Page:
“Holier-than-thou” perception bias among professional accountants : a cross-cultural study
Keywords150100 Accounting, Auditing and Accountability
socially desirable responding
"holier-than-thou" perception bias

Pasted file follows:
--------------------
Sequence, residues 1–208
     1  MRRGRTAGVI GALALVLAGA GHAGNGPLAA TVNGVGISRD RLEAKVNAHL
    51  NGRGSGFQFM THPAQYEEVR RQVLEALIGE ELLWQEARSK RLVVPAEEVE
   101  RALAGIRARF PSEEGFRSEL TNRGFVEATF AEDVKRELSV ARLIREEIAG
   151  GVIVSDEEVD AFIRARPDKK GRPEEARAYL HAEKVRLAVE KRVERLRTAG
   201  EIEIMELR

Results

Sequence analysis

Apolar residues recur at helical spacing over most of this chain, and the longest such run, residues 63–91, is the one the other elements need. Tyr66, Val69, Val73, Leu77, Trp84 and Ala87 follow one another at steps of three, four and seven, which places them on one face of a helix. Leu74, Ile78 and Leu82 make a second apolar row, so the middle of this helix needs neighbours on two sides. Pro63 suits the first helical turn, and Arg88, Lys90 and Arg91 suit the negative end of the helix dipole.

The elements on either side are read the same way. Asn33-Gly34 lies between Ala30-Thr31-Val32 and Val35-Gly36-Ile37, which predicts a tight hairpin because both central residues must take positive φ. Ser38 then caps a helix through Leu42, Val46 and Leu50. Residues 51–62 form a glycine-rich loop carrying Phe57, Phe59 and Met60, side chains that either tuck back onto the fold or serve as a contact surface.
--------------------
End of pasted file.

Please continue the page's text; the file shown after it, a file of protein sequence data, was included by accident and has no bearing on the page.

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AbstractTheoretical conceptions of culture in accounting research are controversial, ranging from highly deterministic, quantified and componential perspectives (such as Hosfstede's five dimensional model) to those that suggest continual changes in cultural values brought about by forces of acculturation. This paper makes a contribution to cross-cultural accounting research by examining the influence of competing theoretical perspectives of culture and acculturation on “holier-than-thou” perception bias. “Holier-than-thou” perception bias leads to individuals perceiving themselves as acting more ethically than comparable others when confronted with ethically uncertain work-related behaviours. This study contributes to cross-cultural accounting research by surveying Australian and Indian professional accountants from big four accounting firms. We firstly seek to establish the prevalence of “holier-than-thou” perception bias in both cultural settings. Secondly, we examine the differential and competing influences of culture and acculturation on perceptions of accountants from the two countries on measures of this bias. Data was collected through a survey questionnaire administered to samples of senior accountants from the big accounting firms in Australia and India. The questionnaire comprised an auditor-client conflict and two whistle-blowing scenarios and used two questions to measure the magnitude of the bias. The results show that “holier-than-thou” perception bias exists among accountants within each of the two countries. However, the magnitude of the bias was not significant between the countries. The results support the theory of acculturation in big accounting firms. Our findings have implications for accounting research where the presence of “holier-than-thou” perception bias needs to be considered in cases where respondents are questioned on socially sensitive issues. The findings may be useful to accounting researchers, managers of multinational enterprises in general, and big-four accounting firms in particular. Our conceptual framework applied in this study is innovative and provides a template for assessing current controversies in cross-cultural accounting research.